Tuesday, June 30, 2009

PFLAG Family Joins President Obama at White House Reception to Commemorate Stonewall

PFLAG Mother and Son Ask President and First Lady to Speak Out for Families and LGBT People to Create Safer Communities

A PFLAG mother and son asked President Barack Obama and First Lady Michelle Obama to support equality for lesbian, gay, bisexual, and transgender (LGBT) individuals and their families at the White House today.

[Pictured left to right: Carmen Robello of PFLAG's Families of Color network, her son, Louie, and PFLAG National's Jody M. Huckaby]

"A supportive environment makes a world of difference, and we are hopeful the President and First Lady will take the initiative in making our country a safer place for all of our family members," said Carmen Robello, a member of Parents, Families and Friends of Lesbians and Gays (PFLAG).

She is a member of PFLAG's Families of Color and Allies of New York City and Newark, New Jersey chapters, both dedicated to providing support for families across diverse communities.

Robello and her son Louie, were invited to a special reception at the White House to commemorate the 40th anniversary of the Stonewall uprising, the event identified as the starting point for the LGBT equality movement in the U.S.

"We were incredibly honored to meet with the President and First Lady, and tell them our story, and how anti-LGBT violence and harassment create problems not just for LGBT people, but for their families and communities," said Robello. "My son and I asked the President and First Lady to speak out and become more visible in denouncing anti-LGBT discrimination."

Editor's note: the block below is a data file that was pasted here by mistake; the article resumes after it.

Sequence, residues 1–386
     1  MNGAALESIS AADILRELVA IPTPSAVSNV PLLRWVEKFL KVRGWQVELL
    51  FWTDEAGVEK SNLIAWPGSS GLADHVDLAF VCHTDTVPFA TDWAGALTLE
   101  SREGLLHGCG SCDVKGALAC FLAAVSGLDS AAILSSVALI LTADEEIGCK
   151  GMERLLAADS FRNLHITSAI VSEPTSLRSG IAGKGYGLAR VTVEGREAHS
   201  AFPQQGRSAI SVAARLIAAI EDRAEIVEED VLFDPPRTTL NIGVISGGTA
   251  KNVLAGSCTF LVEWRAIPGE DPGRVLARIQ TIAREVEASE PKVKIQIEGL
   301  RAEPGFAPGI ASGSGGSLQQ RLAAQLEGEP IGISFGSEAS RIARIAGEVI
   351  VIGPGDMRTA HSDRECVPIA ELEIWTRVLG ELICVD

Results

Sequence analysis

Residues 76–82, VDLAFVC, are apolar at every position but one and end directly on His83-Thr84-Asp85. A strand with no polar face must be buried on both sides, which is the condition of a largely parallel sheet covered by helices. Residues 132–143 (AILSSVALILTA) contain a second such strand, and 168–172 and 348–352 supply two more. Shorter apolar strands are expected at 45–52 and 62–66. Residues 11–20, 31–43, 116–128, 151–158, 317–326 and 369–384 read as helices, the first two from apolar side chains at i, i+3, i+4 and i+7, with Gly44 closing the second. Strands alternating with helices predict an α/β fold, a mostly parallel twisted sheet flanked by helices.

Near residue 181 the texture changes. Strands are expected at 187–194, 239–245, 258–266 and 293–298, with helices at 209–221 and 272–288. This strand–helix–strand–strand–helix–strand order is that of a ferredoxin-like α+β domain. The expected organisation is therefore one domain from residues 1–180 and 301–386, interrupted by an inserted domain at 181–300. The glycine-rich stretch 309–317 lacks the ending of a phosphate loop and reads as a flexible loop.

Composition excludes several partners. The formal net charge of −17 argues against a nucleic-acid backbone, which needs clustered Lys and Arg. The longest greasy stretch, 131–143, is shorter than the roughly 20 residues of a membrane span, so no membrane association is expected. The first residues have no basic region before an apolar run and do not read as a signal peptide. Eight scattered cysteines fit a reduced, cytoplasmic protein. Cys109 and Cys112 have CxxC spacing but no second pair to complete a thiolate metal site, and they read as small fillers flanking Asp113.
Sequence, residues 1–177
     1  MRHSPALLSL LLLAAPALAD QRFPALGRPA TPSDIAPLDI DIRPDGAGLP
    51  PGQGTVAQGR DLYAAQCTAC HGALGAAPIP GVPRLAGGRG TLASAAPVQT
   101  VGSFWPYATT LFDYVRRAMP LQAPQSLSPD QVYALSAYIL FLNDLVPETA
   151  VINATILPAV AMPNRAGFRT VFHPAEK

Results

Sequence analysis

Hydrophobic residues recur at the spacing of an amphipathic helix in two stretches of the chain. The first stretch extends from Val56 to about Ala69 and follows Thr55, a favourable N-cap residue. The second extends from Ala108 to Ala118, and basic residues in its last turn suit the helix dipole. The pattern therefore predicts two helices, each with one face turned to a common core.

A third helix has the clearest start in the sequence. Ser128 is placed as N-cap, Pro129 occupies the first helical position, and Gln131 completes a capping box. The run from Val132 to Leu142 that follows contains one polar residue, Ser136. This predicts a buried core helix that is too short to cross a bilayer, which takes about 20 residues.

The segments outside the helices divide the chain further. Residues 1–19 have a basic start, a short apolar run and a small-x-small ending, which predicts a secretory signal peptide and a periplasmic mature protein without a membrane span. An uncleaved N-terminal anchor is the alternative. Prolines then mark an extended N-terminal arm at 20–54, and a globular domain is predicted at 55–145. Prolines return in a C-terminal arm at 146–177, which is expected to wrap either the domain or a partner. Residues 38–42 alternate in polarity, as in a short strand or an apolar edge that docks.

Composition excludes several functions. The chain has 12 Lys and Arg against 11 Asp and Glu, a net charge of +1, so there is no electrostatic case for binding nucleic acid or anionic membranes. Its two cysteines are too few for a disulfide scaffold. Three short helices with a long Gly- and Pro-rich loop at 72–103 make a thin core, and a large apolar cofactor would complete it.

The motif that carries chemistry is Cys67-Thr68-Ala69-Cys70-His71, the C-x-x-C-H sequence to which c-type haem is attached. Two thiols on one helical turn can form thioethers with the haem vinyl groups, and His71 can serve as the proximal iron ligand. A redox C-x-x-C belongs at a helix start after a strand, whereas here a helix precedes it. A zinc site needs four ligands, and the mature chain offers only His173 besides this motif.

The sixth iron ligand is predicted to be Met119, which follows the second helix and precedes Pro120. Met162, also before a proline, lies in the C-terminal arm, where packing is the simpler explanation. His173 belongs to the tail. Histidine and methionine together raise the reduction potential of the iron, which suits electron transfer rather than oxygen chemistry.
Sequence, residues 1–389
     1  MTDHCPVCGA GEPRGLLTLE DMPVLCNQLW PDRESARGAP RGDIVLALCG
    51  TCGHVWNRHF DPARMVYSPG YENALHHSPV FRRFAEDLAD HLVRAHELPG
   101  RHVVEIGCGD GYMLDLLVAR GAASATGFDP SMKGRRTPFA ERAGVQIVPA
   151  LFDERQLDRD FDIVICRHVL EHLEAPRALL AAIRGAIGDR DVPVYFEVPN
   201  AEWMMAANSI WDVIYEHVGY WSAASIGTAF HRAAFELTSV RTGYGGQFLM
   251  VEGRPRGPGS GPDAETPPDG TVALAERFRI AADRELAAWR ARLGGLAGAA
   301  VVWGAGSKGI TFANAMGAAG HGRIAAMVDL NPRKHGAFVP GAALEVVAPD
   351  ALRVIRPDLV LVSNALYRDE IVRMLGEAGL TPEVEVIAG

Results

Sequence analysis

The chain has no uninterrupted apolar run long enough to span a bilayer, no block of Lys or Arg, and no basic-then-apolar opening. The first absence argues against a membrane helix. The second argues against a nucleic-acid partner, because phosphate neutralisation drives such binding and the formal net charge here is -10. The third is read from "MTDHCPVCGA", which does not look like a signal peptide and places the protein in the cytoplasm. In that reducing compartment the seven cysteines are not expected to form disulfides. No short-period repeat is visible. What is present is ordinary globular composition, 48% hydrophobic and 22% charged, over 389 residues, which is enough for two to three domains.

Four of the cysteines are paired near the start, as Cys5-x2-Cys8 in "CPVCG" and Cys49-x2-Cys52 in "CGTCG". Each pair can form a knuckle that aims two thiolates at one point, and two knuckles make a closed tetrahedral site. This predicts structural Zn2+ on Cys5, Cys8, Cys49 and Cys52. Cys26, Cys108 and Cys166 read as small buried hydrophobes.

Louie Robello experienced anti-LGBT harassment in his high school years. He later founded his high school's Gay Straight Alliance (GSA) and went on to be elected his class president.

Monday, June 29, 2009

"Why I Do What I Do"

This month PFLAG's Transgender Network (TNET) President Kim Pearson is featured in Diversity Rules magazine for her critical work with transgender youth. She is also Executive Director and Co-Founder of TransYouth Family Allies (TYFA).

Pearson explains to Diversity Rules, "Create schools and communities that respect and celebrate that people are different. Speak up when someone says 'that’s so gay' or 'what a sissy' or 'boys don’t do that.' Make room for difference. Value individuality and learn about that which you do not currently understand. Have an honest and compassionate conversation with a transgender adult, child or parent…walk a mile in their shoes... The only way the ‘rules’ of society change is for individuals to step up and say something. When we stop accepting the status quo and start living the change we wish to see in the world, that is when true change will happen, in my humble opinion."

Click here to read the complete interview with Kim Pearson, and click here to visit PFLAG's Transgender Network (TNET)

PFLAG Remembering Stonewall

As this week marks the 40th anniversary of the Stonewall riots that ignited the modern struggle for LGBT equality, AARP gives voice to the LGBT and ally leaders who have helped shape the direction of our movement.